Disciplinary issues and other offences committed by serving police officers continue to be actively investigated and addressed by the Royal Solomon Islands Police Force.Commissioner Peter Marshall said that recent cases simply highlighted ongoing efforts by the RSIPF Executive and Police Service Internal Investigations (PSII) unit to "clean up" reported inappropriate or illegal behaviour by individual officers.
"Like any large organisation, the behaviour of a minority of employees can be of concern on occasion and the RSIPF is taking a firm approach to disciplinary offences," he said.
"Given the responsibilities of police officers and how their behaviour reflects on everyone within the force, it is crucial we do not tolerate serious incidents or ongoing offences.
"Restoring public confidence in the Royal Solomon Islands Police Force is essential to maintain credibility and respect in the community. It is high time we cleaned up our act and restored the good image of the RSIPF," Commissioner Marshall said.
Commissioner Marshall said it was important that the police and wider community took discipline and corruption seriously and made individuals accountable for their actions.
"It is the responsibility of all sworn police officers to uphold high standards, and particular crucial from those in leadership roles who have strong influence over others," he said.
"We are all human and make mistakes or misjudgements. Life under close public scrutiny is never easy. But the people of the Solomon Islands deserve a police force they can trust."
"As Commissioner of Police I am only interested in evidentially based investigations - not rumours and innuendo. Our employees are given fair hearing during the course of disciplinary proceedings and they have an opportunity to respond to complaints before decisions impacting on their future are made.
"This is why significant matters of concern are referred to their senior officers, the RSIPF Executive and the PSII for further action and investigation where appropriate," he said.
"Individual cases and circumstances sometimes warrant different penalties. However all such internal disciplinary matters are being pursued firmly, fairly and without any ethnic bias."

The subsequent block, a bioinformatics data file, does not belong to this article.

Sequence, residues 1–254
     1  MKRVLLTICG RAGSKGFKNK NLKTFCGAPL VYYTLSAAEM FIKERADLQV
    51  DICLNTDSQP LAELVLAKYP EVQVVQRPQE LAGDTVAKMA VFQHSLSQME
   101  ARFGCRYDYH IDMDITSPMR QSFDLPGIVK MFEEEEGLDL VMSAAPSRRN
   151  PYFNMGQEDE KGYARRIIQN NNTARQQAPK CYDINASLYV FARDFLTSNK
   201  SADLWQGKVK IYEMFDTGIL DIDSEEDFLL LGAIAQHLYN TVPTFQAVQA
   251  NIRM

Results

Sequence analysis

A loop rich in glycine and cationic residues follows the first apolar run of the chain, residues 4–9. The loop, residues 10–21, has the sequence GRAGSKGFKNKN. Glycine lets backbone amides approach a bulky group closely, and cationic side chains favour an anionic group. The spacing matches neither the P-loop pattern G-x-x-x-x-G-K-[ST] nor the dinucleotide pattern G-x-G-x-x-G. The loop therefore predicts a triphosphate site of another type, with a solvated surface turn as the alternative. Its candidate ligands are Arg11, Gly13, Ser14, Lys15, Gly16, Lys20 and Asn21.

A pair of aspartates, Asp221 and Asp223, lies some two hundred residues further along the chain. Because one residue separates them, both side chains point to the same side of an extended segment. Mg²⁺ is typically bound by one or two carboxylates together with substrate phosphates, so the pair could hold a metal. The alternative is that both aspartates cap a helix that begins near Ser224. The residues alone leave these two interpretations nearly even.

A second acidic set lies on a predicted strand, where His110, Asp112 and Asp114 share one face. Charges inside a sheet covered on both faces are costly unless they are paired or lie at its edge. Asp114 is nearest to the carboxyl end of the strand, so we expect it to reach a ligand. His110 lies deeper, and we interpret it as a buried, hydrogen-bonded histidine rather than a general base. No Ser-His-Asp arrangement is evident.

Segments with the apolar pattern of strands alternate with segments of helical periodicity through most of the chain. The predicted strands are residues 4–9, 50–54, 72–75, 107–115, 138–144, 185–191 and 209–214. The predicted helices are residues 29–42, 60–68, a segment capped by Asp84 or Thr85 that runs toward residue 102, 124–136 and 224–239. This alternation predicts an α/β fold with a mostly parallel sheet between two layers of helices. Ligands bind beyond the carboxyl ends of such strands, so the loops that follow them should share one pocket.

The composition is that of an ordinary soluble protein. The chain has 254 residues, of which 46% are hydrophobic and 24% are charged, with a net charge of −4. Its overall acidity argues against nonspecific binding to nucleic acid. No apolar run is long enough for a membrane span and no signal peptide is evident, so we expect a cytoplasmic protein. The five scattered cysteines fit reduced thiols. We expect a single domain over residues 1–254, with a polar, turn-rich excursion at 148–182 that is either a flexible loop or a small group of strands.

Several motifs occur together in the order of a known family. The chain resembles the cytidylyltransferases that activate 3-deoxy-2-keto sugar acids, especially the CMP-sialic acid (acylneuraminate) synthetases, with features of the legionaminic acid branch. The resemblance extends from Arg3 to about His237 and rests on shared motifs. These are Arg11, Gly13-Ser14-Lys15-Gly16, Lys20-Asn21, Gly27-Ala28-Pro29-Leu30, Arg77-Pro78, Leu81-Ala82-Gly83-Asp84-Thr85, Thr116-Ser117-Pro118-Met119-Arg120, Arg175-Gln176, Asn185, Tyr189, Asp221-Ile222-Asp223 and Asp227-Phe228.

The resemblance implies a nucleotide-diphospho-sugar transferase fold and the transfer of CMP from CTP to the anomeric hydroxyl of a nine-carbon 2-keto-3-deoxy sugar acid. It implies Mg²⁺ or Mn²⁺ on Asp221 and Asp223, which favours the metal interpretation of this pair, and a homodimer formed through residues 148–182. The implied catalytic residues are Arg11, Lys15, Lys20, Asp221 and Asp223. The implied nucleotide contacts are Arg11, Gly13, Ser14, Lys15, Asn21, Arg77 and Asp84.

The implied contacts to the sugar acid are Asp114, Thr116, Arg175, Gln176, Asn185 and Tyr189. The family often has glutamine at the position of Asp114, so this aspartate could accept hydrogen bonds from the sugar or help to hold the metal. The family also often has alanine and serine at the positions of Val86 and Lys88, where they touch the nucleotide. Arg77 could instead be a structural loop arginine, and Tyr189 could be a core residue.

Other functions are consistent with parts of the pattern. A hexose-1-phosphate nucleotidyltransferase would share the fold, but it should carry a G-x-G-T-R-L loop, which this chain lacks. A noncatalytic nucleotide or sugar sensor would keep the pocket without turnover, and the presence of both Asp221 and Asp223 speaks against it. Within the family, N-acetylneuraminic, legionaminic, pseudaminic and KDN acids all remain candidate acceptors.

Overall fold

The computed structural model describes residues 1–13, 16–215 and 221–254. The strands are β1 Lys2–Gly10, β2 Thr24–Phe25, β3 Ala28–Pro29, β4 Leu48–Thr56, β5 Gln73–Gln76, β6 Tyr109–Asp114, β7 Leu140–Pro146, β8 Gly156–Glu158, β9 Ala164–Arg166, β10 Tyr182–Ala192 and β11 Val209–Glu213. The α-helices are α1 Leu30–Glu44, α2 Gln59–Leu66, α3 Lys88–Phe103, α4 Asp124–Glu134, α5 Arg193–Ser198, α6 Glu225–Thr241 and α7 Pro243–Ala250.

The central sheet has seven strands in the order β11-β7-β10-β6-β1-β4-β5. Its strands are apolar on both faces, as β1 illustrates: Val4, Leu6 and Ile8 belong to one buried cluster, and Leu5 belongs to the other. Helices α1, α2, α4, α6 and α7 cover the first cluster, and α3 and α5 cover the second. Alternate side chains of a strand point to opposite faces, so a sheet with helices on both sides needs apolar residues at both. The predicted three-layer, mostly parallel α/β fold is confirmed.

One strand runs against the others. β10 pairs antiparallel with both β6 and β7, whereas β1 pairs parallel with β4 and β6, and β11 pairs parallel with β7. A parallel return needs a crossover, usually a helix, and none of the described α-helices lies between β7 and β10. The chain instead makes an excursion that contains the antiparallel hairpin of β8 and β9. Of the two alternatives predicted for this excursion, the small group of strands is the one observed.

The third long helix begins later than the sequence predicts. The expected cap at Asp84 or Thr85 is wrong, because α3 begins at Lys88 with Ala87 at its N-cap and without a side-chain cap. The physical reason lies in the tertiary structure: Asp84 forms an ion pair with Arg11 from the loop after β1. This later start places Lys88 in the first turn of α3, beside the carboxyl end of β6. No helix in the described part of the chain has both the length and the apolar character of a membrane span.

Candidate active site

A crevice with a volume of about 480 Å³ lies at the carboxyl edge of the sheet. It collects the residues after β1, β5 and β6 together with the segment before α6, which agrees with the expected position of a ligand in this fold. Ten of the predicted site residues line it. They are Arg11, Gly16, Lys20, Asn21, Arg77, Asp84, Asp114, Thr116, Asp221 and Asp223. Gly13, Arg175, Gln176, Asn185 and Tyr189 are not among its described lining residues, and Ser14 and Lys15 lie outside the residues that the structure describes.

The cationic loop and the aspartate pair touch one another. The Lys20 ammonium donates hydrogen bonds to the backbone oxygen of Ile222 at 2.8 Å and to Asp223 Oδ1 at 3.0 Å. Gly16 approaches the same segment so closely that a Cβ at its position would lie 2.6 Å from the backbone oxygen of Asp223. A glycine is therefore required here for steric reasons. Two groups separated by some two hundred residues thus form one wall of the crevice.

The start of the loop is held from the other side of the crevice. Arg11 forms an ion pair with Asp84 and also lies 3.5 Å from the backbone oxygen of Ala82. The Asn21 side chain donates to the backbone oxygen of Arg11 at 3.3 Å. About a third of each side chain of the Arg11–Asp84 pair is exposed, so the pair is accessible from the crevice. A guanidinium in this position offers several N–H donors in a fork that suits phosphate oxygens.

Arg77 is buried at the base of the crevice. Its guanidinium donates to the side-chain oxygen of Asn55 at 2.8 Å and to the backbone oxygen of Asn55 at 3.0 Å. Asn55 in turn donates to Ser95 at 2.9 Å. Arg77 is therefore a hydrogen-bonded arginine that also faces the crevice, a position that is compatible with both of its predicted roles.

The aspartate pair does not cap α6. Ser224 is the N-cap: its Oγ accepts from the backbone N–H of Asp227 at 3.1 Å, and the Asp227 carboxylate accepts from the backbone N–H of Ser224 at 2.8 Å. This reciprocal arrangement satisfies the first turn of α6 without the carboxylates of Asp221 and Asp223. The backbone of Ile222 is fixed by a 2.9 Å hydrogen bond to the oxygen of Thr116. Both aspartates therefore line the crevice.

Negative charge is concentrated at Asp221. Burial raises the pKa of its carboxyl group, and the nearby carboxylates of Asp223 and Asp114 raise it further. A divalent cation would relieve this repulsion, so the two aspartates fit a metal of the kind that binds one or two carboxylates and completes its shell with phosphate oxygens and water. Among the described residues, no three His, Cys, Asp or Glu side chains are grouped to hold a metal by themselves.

Commissioner Marshall said that since his appointment to the RSIPF he had recommended the termination of employment of 10 police officers.
Criminal charges against some of these former officers have also referred for prosecution through the courts.
Other penalties used for internal disciplinary offences have also been enforced. These include demotion, forced transfer to other duties, fines, withholding pay and loss of privileges such as allowances, police housing and vehicles.
"Most of these cases have related to continued non-performance of police duties, behaviour which prejudices good order and discipline, corrupt conduct, continued absence without leave, refusal to follow orders or police procedures, and in some cases criminal charges," he said.
"Decisions to dismiss offending police officers are taken in the best interests of the RSIPF. All recommendations to demote or terminate senior ranked officers are referred to the Police and Prison Services Commission for final approval."
Commissioner Marshall said the most recent case involving Honiara Provincial Police Commander Chief Superintendant Nathan Ratu had resulted in the hearing of six charges related to drinking offences involving junior officers and the alleged misuse of a vehicle.
"The officer concerned is still suspended following recent disciplinary hearings. The tribunal report is now expected for my consideration and decision," he said
"Chief Superintendent Ratu will then be given an opportunity to make a submission, regarding outcomes of his hearing and my decision."
Commissioner Marshall said that another serious disciplinary case involving a veteran police officer of 30 years' service has resulted in the Sergeant from Honiara Central Police Station being dismissed this week.
"This follows a dubious track record of absenteeism from duty and failure to perform - with repeated offences over 20 years."
Another long-serving Sergeant is likely to receive a similar penalty for similar breaches, he said.
"However I do wish to emphasise that these cases do not truly represent the commitment, professionalism, pride and dedication daily shown by the vast majority of the RSIPF," he said.
"Overall, I am increasingly impressed by the work ethic demonstrated by the RSIPF."
"They and the new recruits now being trained as the next generation of police officers understand that the highest standards must be lived for the RSIPF to earn the respect and support of the people and the government of the Solomon Islands."
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